Move over, investment bankers. The next victims of populist backlash are going to be state- and local-government workers.
As usual, it's all about the numbers, except this time we're not talking about dollars in a bonus check. No, this time it's about numbers of jobs.
Businesses have fired 8.5 million people, or 7.4 percent of those on the payroll when employment peaked in December 2007. Local governments kept hiring through September 2008, and since then have fired 141,000 workers, less than 1 percent of the 14.6 million they had at the top, according to the Bureau of Labor Statistics.
In good times, few people focus on how government payroll expands, or how elected politicians raise salaries and enhance pensions and benefits. Americans like government services, and their public officials are happy to comply with their wishes.
Now the good times are over, at least for a while, and Americans find themselves with local-government payrolls that in many cases remain at record levels. They also now see unions refusing to reduce headcount, and are forced to wonder what planet the union bosses are on.
The unions seem to be as tone-deaf as the ranks of investment bankers were in late 2008. Even after $1 trillion in writedowns and losses and $700 billion in bailouts, bankers still collected $18.4 billion in bonuses that year. What's more, they defended the life-altering windfalls their industry had doled out for almost a decade.
Exhibit One is Los Angeles, where Mayor Antonio Villaraigosa asked the City Council to fire 1,000 of its 35,000- plus workers.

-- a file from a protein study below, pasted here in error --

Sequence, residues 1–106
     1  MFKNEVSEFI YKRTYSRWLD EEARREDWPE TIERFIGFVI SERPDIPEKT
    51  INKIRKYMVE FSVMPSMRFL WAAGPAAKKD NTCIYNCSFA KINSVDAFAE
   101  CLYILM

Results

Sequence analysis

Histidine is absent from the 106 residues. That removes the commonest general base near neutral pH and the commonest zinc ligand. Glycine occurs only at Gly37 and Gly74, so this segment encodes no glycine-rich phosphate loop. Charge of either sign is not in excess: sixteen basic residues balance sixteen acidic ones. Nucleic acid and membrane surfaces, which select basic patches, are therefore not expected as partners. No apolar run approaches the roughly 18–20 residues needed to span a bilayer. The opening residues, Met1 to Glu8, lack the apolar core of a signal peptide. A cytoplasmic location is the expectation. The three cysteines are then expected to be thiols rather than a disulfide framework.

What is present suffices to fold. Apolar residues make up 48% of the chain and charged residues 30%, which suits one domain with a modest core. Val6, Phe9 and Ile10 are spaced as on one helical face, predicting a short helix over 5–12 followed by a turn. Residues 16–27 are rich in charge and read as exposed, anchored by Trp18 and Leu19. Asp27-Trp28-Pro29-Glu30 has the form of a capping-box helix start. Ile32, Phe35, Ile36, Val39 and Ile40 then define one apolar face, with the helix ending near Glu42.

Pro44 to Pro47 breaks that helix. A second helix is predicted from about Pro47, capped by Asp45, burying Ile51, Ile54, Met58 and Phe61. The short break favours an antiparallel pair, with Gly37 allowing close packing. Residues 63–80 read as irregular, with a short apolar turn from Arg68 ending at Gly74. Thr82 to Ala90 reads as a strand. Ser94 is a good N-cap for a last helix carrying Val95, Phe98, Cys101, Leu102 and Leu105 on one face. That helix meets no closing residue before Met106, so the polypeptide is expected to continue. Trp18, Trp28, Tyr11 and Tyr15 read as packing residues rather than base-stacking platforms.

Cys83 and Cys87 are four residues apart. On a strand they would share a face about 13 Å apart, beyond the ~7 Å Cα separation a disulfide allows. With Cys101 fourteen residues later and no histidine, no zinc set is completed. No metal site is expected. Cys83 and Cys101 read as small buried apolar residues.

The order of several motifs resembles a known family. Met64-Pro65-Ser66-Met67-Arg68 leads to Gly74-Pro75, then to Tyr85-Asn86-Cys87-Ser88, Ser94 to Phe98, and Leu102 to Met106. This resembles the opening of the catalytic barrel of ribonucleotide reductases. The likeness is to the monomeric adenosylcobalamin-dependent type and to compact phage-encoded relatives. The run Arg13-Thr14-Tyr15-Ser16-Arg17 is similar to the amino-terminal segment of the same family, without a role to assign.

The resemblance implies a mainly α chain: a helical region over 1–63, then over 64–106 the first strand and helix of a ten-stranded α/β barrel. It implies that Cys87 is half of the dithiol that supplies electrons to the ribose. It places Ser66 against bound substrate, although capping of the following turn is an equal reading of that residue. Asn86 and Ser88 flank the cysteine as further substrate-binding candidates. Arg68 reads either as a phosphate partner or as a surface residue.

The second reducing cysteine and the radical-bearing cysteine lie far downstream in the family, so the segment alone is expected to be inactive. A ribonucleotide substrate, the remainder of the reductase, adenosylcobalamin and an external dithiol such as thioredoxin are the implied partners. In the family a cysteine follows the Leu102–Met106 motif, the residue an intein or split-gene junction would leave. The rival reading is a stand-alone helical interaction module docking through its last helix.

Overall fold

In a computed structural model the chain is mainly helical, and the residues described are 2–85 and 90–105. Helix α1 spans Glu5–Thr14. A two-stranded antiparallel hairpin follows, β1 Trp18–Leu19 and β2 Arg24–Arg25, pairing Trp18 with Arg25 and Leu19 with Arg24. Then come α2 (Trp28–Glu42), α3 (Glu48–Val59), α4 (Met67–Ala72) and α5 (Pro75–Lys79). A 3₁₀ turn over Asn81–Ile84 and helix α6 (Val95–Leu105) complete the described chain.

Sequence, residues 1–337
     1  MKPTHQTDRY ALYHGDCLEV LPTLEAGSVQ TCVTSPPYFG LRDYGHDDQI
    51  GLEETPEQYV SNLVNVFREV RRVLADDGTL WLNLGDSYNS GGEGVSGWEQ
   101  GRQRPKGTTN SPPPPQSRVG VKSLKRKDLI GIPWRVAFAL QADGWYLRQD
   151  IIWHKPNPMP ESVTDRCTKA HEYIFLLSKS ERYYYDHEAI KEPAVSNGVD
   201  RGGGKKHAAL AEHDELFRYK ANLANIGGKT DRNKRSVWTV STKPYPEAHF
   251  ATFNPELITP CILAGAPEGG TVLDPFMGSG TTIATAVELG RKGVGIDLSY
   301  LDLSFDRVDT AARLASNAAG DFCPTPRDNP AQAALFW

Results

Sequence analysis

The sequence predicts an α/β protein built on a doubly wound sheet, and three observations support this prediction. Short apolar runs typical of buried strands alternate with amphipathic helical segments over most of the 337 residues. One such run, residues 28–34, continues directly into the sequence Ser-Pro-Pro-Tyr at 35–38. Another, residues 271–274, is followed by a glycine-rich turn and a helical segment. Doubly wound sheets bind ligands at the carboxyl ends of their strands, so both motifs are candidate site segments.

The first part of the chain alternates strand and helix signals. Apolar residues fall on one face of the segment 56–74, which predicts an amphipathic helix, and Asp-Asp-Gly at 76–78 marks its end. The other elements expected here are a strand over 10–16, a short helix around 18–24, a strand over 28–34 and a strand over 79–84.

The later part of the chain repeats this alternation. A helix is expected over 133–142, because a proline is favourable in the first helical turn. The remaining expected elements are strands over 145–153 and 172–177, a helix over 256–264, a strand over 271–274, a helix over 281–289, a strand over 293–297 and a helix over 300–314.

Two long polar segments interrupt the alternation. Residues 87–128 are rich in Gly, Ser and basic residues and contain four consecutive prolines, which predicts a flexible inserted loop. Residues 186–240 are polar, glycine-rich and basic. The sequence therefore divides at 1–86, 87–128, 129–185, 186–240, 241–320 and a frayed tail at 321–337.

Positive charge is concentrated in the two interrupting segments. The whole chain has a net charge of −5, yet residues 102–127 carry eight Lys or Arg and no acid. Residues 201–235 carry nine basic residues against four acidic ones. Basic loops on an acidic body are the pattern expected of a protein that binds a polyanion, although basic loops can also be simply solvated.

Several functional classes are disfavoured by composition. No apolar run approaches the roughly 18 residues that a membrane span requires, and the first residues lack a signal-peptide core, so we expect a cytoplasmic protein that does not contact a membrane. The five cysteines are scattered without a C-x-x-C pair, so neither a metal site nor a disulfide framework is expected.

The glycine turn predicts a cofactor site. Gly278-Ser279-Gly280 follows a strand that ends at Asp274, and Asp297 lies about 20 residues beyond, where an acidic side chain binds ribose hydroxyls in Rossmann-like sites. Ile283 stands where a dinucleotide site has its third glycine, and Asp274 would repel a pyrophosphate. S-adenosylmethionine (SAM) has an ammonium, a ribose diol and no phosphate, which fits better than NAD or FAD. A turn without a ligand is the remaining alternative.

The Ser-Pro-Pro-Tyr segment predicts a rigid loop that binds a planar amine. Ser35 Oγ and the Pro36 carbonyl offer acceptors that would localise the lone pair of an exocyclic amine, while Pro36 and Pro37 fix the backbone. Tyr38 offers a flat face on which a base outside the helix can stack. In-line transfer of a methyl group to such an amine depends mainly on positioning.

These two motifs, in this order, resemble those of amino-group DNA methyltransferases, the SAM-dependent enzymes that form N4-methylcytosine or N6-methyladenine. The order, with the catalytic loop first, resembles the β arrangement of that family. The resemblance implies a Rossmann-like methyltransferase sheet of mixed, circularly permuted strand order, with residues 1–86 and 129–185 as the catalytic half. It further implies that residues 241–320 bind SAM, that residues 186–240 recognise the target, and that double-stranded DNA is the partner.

The council and labor unions balked, and on Feb. 17 Moody's Investors Service revised its outlook on the city's bonds to negative. The rating company said the plan to eliminate those jobs could generate $65 million in savings.
"Predictably, this proposal has met with opposition," Moody's said. "It is, unfortunately, one of the plan's few immediate, tangible cost-saving elements, and delaying its implementation will, while preserving jobs, potentially weaken the city's long-term credit quality."
It is rare for rating companies to comment on such things as proposed layoffs. With this salvo, Moody's said: It's time to resort to the ax.
As the national numbers show, politicians have been talking about firing employees for years.
They haven't done it.
L.A.'s city council later voted to approve the 1,000 cuts, and said it would seek to fire 3,000 more. Now we'll see what the unions have to say.
I'm not betting that sweet reason will prevail. By refusing to reduce headcount, labor unions are telling the taxpayers that their local government is already at its most efficient, optimal level, something we all know isn't true. They are also ordering everyone to pay up, in the form of higher taxes and fees.
There's a lot of headline risk to this strategy because it focuses on an area that few people paid attention to in the past. Almost every day, California newspapers and blogs carry stories about cities contemplating bankruptcy because of labor and pension costs. They also write about members of the $100,000 Club, those government workers who have been able to retire with six-figure pensions, often while they are still in their 50s.
Rising labor costs and unfunded pension and benefits liabilities aren't confined to California state and local government. This is a national issue, one that hasn't been covered very well and hasn't received a lot of attention.
Unlike the outrage provoked by Wall Street's bonus babies, there's no element of class warfare here. The hard-working men and women whose jobs, retirement savings and benefits have been whittled away in the recession won't be too sympathetic to the men and women who have eight-hour days, overtime pay, guaranteed pensions and full health plans.
And unlike the bonus imbroglio, which relies upon understanding how banks leveraged big bets, it's easy to see how government employees built their own entitled little world. What's a little harder to comprehend is how we all let it happen.
Joe Mysak is a Bloomberg News columnist.
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